Authenticate in multiple realms

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Authenticate in multiple realms

Ragnar Sundblad-2

Hello all,

In a transition phase while migrating services from one realm to
another, we would like to authenticate users in both the old and
the new realm (the users (will) have the same username in both
realms).

I want both the services to auth foo@A and foo@B as user foo,
and password swallowing things, like the pam module, to try
checking out tickets in both realm A and B. (The pam thing could
probably be solved with multiple calls to the module, but there
may be more cases that should be handled.)

I believe I have heard that you can somehow have multiple
"default_realm" entries. Is this true? Is it recommended?

Thanks for any hints or ideas!

/ragge

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Re: Authenticate in multiple realms

Lars-Johan Liman
[hidden email]:
> Hello all,

Hi, Ragge! Long time no see! :-)

> In a transition phase while migrating services from one realm to
> another, we would like to authenticate users in both the old and
> the new realm (the users (will) have the same username in both
> realms).

> I want both the services to auth foo@A and foo@B as user foo,
> and password swallowing things, like the pam module, to try
> checking out tickets in both realm A and B. (The pam thing could
> probably be solved with multiple calls to the module, but there
> may be more cases that should be handled.)

> I believe I have heard that you can somehow have multiple
> "default_realm" entries. Is this true? Is it recommended?

> Thanks for any hints or ideas!

Can't this be done using ordinary cross-realm authentication?

https://github.com/heimdal/heimdal/wiki/Cross-realm

                                Cheers,
                                  /Liman
                                   (Using my old e-mail address as I've
                                   forgotten to change on this list.
                                   Will do ...)
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Re: Authenticate in multiple realms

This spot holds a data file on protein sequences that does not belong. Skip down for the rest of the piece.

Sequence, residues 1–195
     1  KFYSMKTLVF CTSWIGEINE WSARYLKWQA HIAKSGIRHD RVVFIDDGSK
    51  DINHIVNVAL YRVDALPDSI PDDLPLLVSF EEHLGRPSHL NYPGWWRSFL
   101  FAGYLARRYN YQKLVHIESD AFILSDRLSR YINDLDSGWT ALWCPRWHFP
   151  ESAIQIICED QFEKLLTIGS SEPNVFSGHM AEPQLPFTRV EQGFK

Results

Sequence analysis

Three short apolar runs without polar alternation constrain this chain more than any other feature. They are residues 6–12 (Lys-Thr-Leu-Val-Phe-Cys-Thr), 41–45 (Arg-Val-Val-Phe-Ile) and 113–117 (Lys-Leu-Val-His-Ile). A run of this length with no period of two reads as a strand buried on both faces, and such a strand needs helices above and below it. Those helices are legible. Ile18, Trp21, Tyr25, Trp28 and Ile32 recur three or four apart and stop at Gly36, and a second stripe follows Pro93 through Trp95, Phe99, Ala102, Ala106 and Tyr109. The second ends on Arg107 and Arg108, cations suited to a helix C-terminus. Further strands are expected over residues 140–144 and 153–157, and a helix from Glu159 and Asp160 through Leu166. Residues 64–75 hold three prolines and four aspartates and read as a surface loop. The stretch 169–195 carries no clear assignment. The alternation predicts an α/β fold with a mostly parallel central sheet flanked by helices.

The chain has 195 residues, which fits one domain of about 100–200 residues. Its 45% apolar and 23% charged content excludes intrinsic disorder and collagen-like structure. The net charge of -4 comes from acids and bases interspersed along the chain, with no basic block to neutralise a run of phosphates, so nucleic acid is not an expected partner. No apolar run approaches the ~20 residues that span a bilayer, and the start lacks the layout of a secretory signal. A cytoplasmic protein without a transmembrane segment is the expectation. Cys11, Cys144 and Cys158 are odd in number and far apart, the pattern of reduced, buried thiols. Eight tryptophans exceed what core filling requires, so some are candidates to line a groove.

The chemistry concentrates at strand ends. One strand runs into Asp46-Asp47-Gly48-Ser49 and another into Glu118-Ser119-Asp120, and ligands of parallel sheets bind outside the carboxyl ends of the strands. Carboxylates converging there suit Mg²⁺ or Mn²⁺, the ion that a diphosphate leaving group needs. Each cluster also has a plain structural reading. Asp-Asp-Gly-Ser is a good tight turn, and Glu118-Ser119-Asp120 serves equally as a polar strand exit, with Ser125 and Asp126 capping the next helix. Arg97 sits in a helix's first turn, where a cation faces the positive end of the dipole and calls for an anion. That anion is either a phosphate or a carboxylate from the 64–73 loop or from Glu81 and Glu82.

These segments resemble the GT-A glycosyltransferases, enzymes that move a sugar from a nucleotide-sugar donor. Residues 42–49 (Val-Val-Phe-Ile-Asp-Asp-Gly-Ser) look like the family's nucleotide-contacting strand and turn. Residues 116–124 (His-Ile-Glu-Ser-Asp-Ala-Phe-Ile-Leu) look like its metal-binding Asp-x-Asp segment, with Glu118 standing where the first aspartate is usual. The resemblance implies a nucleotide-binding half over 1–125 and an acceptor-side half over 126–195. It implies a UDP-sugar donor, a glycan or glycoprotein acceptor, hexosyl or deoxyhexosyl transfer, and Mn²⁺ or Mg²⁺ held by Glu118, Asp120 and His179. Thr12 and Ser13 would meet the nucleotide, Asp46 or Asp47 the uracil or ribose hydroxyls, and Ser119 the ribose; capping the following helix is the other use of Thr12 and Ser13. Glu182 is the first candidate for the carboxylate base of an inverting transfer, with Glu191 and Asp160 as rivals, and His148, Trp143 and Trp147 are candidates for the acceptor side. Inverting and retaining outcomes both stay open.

Love Hörnquist Åstrand
In reply to this post by Ragnar Sundblad-2

> 18 nov 2014 kl. 09:31 skrev Ragnar Sundblad <[hidden email]>:
>
>
> Hello all,
>
> In a transition phase while migrating services from one realm to
> another, we would like to authenticate users in both the old and
> the new realm (the users (will) have the same username in both
> realms).
>
> I want both the services to auth foo@A and foo@B as user foo,
> and password swallowing things, like the pam module, to try
> checking out tickets in both realm A and B. (The pam thing could
> probably be solved with multiple calls to the module, but there
> may be more cases that should be handled.)
>
> I believe I have heard that you can somehow have multiple
> "default_realm" entries. Is this true? Is it recommended?

It used to work once upon a time.

The default_realm trick only gets you there partway, you also need to fix all native clients that today doesn’t have any support like that.

Nico’s an2ln fixup in the upcoming 1.6 release might partly help you there.

Getting both credentials are long term not going to help you, its just complicated and most tools doesn’t deal right when there is more then one.

A flag day is the best, track down the most use servers (you have the KDC logs) and fix them over a a weekend, most of the work can be prepared.

Love

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Re: Authenticate in multiple realms

Ragnar Sundblad-2
In reply to this post by Lars-Johan Liman